HOUSE OF SCANDINAVIA
Better by design – from furniture to society
For speakers and visitors alike, SXSW represents an opportunity to learn not only about upcoming developments in technology, but also show what they have to offer, on an individual, company and even regional basis.
Christian Bason, CEO at the Danish Design Center, is taking part in a series of presentations, panel discussions and workshops in Austin this year, reflecting the growing global realization of how influential Scandinavian design and the area’s “DNA” has become.
“If you ask around the world what characterizes our region, design quickly pops up as a major factor for both tourists and business,” says Bason. “More than just things such as furniture and architecture, we’re also advanced in well-designed cities and urban environments. If you dive even deeper, our region has a societal DNA that’s reflected in this design. The things we produce, our services etc are an illustration of the kind of societies we are,” he adds.
Expanding on the theme, Bason will take part in a panel as part of the official SXSW program this year, entitled Human Centered Tech and Deign and Design Shaping Society, alongside Casper Klynge, Tech Ambassador of Denmark, and Ann Rosenberg, Global Head of tech giant SAP’s Next Gen. In short, they will be asking broad questions about technology’s role in society, such as privacy, gender equality, security and technology’s influence on society.
“If you want to look for a different model in design and society, the Nordics offer a very powerful story that differs considerably from Silicon Valley’s, so it’s an interesting perspective. We’re weaving a design narrative together with a broader narrative, with a business perspective, asking what the opportunities are for creating business.”
It’s a timely discussion to take up, given recent discomfort over the power being wielded in both political and media spheres by the behemoths of the tech world.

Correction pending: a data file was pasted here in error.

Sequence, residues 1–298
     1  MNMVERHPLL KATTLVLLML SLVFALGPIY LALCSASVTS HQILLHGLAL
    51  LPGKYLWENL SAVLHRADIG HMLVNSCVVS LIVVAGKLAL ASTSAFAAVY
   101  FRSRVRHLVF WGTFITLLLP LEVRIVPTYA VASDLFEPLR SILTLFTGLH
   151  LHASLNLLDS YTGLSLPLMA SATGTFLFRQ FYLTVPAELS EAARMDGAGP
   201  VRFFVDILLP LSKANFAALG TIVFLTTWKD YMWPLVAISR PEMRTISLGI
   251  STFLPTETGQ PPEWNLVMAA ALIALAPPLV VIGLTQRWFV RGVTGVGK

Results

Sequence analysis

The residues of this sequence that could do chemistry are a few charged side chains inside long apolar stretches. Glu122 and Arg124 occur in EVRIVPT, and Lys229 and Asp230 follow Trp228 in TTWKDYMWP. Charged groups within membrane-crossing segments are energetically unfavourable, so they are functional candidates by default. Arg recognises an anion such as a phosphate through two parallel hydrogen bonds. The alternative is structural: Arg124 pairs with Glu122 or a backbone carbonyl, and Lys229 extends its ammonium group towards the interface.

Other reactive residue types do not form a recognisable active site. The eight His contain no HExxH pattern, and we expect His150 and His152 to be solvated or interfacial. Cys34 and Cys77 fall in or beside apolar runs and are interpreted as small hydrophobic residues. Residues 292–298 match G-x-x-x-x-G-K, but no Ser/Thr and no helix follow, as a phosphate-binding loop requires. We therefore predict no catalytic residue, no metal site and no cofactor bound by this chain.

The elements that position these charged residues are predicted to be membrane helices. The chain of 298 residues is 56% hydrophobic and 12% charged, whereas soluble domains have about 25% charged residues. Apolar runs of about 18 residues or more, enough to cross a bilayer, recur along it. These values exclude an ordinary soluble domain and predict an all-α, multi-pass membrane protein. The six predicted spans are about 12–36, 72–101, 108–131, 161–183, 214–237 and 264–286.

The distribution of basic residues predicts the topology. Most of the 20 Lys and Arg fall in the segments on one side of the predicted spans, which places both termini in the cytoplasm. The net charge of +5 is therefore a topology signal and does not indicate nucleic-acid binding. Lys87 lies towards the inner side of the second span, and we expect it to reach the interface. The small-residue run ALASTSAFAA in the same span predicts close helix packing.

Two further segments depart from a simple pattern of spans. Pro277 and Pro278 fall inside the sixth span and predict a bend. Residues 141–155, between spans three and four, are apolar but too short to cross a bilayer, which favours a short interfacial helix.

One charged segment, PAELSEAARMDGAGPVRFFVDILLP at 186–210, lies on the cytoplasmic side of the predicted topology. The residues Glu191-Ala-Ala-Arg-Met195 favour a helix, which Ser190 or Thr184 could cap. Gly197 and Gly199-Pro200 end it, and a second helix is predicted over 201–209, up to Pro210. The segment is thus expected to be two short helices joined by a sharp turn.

“Over the past 20 years, we’ve seen a model powered by tech innovation, internet platforms and businesses. Add to that artificial intelligence, voice recognition and so on, and you realize we’ve been led very much by technology that we’ve long been leveraging for commercial use. A major part of that story has been just one path – which has seen more social media, the increased use of algorithms and the use of more devices in all aspects of life. Now, we’d like to take a step back and ask some quite radical questions – what’s a good work life? What’s a good childhood? A good relationship? What actually makes a good society?” says Bason.
“These can be framed as design questions, because they’re about how we design the future products and services that we’ve been using and consuming. At the Danish Design Center, we do focus on business models, but also the future of work, health and education.
Meanwhile, Bason was also invited to hold a panel discussion with a group of American mayors from all across the country, with the aim of seeing what lessons their cities could possibly learn from the Scandinavian model.
“They’re starting to look at how American cities can deal with these kinds of questions,” says Bason. “How do they handle it when large tech firms want to move in? Or the impact disruptive technologies can have on the way a city works. The fact that they want to hear what we have to say demonstrates how far we have come in our region and what Scandinavians can do in a global arena.”